|New York City, City Hall, Protest against FreshDirect, November 14, 2012|
The issue in regard to FreshDirect, the on-line grocer which delivers directly to residences or offices, is that it is moving its distribution center from Queens to a new site in the Bronx. However, Bronx residents and civic organizations were given no input into the process. In essence, FreshDirect had worked out a sweetheart deal with Albany and the office of the Mayor of New York in which it will receive around $130 million in public money (through tax exemptions and through direct subsidies).
I think that the whole issue of urban governments subsidizing private, for-profit corporations ought to be reassessed, whether it be a food distribution center or a sports stadium. And in this case, when New York City desperately needs so many other things, why is it supporting what Sarah Jaffe remarks is “a grocery delivery service that is notorious for underpaying its workers, has faced multiple accusations of discrimination and has been accused of using all sorts of shady tactics to block its workers from joining a union?”
Besides subsidies that seem unfair, the closed process which led to them also lacked the transparency that we have come to expect in our democracy. Nevertheless, the issues surrounding FreshDirect and New York City are hardly black-and-white. For anyone interested in them, I would suggest the article by Sarah Jaffe, in the March 4, 2012 issue of AlterNet, “How FreshDirect Delivers Misery Along With Your Groceries--And How Workers and the Community are Fighting Back;” the article by Michael Powell in the February 20, 2012 issue of the New York Times, “In Bronx, FreshDirect and Land of Great Promises;” the article by Dennis Slatery in the June 3, 2013 issue of the New York Daily News, “Judge hands Fresh Direct a victory, paving way for grocer’s move to the South Bronx;” and the article by Patrick Wall in the November 14, 2012 issue of DNAinfo New York, “Gristedes Owner and Other Grocers Join Fight vs. FreshDirect's Subsidies.”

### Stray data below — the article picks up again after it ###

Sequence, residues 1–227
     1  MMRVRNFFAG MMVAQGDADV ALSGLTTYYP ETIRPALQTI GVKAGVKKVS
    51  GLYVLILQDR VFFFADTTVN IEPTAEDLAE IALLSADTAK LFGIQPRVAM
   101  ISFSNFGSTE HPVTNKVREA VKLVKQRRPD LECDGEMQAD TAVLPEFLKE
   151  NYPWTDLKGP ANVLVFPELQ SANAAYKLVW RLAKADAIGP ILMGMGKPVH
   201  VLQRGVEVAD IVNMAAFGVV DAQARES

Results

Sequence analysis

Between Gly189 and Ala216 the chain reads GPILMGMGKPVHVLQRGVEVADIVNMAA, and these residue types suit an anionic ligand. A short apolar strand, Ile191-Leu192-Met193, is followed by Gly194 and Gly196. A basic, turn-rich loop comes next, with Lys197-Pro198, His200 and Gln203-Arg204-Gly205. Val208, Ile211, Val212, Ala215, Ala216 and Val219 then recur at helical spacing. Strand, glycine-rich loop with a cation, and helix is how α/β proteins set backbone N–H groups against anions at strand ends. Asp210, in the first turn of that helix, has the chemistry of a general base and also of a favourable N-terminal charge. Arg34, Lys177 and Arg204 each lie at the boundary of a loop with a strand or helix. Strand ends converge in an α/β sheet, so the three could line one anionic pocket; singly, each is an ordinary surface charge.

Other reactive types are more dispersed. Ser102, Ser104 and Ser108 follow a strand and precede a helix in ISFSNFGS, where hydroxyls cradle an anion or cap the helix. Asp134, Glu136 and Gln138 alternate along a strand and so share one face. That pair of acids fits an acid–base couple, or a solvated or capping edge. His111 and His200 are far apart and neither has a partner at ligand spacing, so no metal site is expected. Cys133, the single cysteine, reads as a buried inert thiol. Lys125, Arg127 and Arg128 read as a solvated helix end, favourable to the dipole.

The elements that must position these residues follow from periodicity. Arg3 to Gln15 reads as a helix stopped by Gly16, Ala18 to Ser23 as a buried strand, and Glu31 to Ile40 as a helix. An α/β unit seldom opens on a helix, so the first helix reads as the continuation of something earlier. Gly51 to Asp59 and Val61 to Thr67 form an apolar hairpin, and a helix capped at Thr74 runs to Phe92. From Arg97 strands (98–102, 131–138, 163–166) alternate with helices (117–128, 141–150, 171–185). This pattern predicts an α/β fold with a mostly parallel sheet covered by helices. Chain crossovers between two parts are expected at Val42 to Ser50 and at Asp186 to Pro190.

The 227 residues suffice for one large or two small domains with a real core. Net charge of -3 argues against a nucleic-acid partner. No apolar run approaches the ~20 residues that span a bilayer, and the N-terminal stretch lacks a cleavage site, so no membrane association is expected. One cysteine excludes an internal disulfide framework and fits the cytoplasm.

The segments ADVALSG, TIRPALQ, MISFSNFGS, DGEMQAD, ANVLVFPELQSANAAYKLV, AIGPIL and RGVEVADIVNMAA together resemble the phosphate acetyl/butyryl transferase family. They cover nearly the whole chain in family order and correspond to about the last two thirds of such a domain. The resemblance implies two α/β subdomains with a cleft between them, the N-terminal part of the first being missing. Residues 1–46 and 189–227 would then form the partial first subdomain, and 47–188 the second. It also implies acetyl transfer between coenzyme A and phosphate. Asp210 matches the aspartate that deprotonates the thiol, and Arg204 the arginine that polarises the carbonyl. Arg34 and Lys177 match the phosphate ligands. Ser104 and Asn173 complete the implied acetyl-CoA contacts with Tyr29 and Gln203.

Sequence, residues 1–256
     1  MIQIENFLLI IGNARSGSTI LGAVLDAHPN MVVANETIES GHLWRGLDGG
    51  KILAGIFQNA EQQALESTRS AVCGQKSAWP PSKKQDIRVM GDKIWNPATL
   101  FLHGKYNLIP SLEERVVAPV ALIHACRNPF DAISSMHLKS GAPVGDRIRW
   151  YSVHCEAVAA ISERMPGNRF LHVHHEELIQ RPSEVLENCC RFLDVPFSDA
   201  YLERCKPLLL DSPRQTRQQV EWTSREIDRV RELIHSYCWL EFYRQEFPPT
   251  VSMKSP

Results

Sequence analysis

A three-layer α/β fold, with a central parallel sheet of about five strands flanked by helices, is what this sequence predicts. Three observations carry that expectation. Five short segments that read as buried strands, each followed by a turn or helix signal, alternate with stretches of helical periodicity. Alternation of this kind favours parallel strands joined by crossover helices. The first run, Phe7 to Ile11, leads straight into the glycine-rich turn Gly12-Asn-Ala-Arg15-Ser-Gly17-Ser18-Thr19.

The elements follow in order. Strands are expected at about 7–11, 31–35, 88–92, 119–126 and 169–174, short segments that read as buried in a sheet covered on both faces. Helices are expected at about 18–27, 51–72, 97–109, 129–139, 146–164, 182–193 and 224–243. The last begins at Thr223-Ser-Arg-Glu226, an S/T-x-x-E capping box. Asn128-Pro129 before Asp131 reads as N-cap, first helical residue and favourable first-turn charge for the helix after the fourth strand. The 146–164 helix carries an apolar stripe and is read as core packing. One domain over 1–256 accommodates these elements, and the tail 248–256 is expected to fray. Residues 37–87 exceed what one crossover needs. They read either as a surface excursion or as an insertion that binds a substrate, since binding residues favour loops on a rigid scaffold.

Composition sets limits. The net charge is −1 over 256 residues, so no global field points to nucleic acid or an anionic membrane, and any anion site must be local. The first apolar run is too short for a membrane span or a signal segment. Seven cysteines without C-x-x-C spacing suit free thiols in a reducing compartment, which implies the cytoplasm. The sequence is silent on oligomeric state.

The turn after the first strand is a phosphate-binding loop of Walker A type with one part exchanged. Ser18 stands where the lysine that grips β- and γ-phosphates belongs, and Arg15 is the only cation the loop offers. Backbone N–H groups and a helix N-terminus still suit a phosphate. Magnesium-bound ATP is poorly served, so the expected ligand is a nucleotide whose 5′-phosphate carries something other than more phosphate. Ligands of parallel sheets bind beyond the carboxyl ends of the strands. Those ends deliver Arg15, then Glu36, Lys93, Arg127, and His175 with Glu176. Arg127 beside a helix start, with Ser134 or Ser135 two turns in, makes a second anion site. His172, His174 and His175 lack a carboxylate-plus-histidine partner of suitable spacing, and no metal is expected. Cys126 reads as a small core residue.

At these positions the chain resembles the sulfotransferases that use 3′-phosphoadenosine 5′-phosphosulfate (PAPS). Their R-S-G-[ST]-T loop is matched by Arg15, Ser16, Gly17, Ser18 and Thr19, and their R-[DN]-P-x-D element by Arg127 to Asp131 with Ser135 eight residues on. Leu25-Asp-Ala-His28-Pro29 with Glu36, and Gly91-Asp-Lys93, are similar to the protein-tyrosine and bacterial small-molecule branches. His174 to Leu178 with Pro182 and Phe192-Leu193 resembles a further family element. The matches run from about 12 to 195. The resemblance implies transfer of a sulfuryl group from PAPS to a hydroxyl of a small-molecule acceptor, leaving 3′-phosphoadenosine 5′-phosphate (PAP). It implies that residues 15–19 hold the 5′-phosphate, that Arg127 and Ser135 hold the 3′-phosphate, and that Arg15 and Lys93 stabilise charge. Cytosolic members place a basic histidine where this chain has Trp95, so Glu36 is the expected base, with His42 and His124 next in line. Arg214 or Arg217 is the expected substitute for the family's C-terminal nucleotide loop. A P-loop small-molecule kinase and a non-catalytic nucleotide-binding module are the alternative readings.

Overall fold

Meanwhile, here are a few more photos of some of the people who spoke out against FreshDirect on that chilly, November day last year.
|New York City, City Hall, Protest against FreshDirect, Bettina Damiani, November 14, 2012|
|New York City, City Hall, Protest against FreshDirect, Irene Prestigiacomo, November 14, 2012|
|New York City, City Hall, Protest against FreshDirect, Letitia James, November 14, 2012|
|New York City, City Hall, Protest against FreshDirect, Mychal Johnson, November 14, 2012|
Mychal Johnson is one of the major advocates for the South Bronx and a member of South Bronx Unite. He also was a member of Community Board 1, until Borough President Ruben Diaz Jr. refused to reappoint him because of his active position against FreshDirect.
It was an e-mail from Mychal yesterday that alerted me to today's meeting at 3024 3rd. Avenue in the Bronx. Mychal will be at the Community Board offices today at 5:30, simply in the capacity of a concerned citizen. So will I, and I invite anyone else who is interested in this issue to join us.